Author: sueb262 PM
Everything changes as it grows and, if we are lucky, that change is for the good. Inspired by Murasahkichan’s excellent ‘Adoption’ fic series. I encourage you to read them, if only to discover which specific phrase, in which fic, sparked this one.Rated: Fiction K - English - Hiko & Kenshin - Words: 860 - Reviews: 16 - Favs: 12 - Published: 01-19-06 - Status: Complete - id: 2760391
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Everything changes as it grows and, if we are lucky, that change is for the good. Inspired by Murasahki-chan's excellent 'Adoption' fic series. I encourage you to read them, if only to discover which specific phrase, in which fic, sparked this one. One-shot.
The heat from the late-summer's noonday sun flowed over the big man's bare, sweating shoulders as he stoked the kiln. He'd been working since sun-up: chopping wood, hauling it, carefully feeding the fire to achieve just the right temperature. It was brutally hard work, and the man cursed himself under his breath.
Why didn't I pick basket-weaving?—something where I could sit in the shade and drink sake as I worked.
Behind him, on the rack he'd hauled outside from the potting shed, rested a sake set. The graceful, womanly curves of the beaker contrasted with the low, severe discs of the five saucers—his favorite shape for a sake cup, as much for the skill required to sip from it without spilling—requires a steady hand and heart, like that of a master swordsman—as for the broad expanse it made of the sake's surface, glistening like a lake under moonlight. Already fired once for tempering and now slipped with glaze and decorated—the cups each with a single dragon's talon circling the bowl and the beaker wrapped with the dragon's claw wreathed in its misty breath—the set awaited its final proofing: the hours in the inferno that would test it and try it and transform the dull clay and flat colors into gleaming art.
He had just learned to tell, reliably, the kiln's temperature by the color of the flame—and they said it would take at least five years! he snorted with pride—and, when the fire was ready, he picked up each piece with the tongs, one by one, and, threading it through the tiny opening, placed it on the shelf in the yellow-hot interior.
Wiping the sweat from his face and chest, he sat heavily on the log in front of the kiln. A welcome breeze wafted through the clearing and he inhaled its scent gratefully, feeling his skin prickle with the chill of evaporating moisture. A slight movement from beyond the hut caught his eye, and he focused on the figure huddled over the handful of rows of soybeans.
The man watched, feeling it in his heart, as the boy shuffled along on his haunches, reaching in here and there to capture a marauder from his precious plants—never kills them, always releases them—to pinch a sucker from a stem, to pull a weed from the soft ground. The sun flamed the boy's hair and drove a fragile mist from the ground around him to frame him in a soft silvery light.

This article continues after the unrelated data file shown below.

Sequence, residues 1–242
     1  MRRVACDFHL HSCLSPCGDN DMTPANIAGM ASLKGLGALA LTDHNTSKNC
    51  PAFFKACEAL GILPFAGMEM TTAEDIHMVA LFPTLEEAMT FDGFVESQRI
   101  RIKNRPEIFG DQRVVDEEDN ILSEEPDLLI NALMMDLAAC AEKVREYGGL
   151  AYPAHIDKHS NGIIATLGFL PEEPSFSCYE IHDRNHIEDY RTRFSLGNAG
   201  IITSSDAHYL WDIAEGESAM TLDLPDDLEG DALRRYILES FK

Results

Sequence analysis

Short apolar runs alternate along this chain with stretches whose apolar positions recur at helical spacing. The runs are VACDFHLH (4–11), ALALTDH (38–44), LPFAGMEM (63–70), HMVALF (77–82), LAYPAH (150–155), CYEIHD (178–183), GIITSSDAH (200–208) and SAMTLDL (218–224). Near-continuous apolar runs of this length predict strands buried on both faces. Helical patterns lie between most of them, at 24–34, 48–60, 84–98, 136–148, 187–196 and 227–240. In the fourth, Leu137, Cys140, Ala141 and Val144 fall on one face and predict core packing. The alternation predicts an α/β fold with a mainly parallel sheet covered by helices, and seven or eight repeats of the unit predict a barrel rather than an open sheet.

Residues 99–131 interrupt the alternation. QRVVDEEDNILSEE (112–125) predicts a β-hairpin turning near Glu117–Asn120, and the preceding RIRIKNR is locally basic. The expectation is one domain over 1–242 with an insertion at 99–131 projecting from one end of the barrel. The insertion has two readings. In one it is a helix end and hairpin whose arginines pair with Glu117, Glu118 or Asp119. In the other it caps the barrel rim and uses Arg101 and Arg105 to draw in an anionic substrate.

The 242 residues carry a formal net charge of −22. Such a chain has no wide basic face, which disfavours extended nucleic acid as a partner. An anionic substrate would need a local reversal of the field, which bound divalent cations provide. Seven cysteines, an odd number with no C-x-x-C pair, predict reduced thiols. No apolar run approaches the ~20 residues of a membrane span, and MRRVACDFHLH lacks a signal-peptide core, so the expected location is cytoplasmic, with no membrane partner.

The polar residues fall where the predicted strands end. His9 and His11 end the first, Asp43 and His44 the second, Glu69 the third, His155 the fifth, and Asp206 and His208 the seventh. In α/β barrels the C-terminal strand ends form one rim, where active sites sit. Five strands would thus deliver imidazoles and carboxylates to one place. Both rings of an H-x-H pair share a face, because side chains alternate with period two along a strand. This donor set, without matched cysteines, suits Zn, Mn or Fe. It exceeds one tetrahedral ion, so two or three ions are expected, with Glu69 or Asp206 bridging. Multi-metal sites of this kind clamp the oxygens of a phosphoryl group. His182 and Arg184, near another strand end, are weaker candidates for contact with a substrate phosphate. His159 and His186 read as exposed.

It had been three days, but the tiny boy had only slumped deeper into silence and shock. At first, the child had demonstrated remarkable strength and fortitude, but as the realization of his danger and subsequent rescue, and the reality of his current safety had sunk in, he'd withdrawn into stillness and blank eyes.
The man had no experience with children, and hadn't reckoned—when he'd detected the spark of fire in that small, great heart, when he'd chosen this one as his deshi, the one to whom he would pass the treasured secret of his life's philosophy and training—that he would have to become more than master, more than teacher; that it would become necessary for him to figure out how to rescue the boy's soul as well as his body.
Each morning, he fed them, the boy seeming to eat almost unconsciously. For the rest of the day, as he moved through his day's activities, he would turn to find the little one sitting near him, eyes focused on the ground, still as death. He'd finish that task, move to the next, and again there the boy would be, having followed him with no sound, with no change in ki—it was disconcerting to the 13th master. At night, sleep would overtake the child almost indiscernibly, so near to sleep was his waking manner.
As the days passed, the man focused his considerable powers of perception on the child, and, gradually, understanding dawned.
'Eyes focused on the ground? Ah, no! He's looking at the plants—he's actually watching them grow!'
The idea of the garden sprang fully-formed to his mind.
The small boy stood and turned toward his shishou, squinting in the sun, hands filled with squirming caterpillars destined for the forest floor's gloom rather than the garden's light, his smile flashing out freely, brighter even, than his recovering ki.
Flinging the caterpillars back into their preferred haven—the garden's rescue will have to wait till another day, it seems, the man smiled to himself—Kenshin fairly skipped out of the garden, covering the distance between them in a flash.